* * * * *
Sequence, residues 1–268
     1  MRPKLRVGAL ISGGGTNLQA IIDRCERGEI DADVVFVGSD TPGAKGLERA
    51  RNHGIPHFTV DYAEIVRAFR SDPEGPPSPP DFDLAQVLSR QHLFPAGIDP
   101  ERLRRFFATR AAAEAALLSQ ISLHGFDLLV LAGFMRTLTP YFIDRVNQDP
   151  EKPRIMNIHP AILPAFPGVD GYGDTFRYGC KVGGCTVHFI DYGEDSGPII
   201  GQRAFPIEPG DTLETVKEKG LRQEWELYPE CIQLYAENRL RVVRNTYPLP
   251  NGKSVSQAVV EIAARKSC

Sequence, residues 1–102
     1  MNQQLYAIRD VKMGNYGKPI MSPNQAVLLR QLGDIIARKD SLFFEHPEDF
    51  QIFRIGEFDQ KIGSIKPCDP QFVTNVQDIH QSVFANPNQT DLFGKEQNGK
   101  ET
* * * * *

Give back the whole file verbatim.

Sequence, residues 1–268
     1  MRPKLRVGAL ISGGGTNLQA IIDRCERGEI DADVVFVGSD TPGAKGLERA
    51  RNHGIPHFTV DYAEIVRAFR SDPEGPPSPP DFDLAQVLSR QHLFPAGIDP
   101  ERLRRFFATR AAAEAALLSQ ISLHGFDLLV LAGFMRTLTP YFIDRVNQDP
   151  EKPRIMNIHP AILPAFPGVD GYGDTFRYGC KVGGCTVHFI DYGEDSGPII
   201  GQRAFPIEPG DTLETVKEKG LRQEWELYPE CIQLYAENRL RVVRNTYPLP
   251  NGKSVSQAVV EIAARKSC

Sequence, residues 1–102
     1  MNQQLYAIRD VKMGNYGKPI MSPNQAVLLR QLGDIIARKD SLFFEHPEDF
    51  QIFRIGEFDQ KIGSIKPCDP QFVTNVQDIH QSVFANPNQT DLFGKEQNGK
   101  ET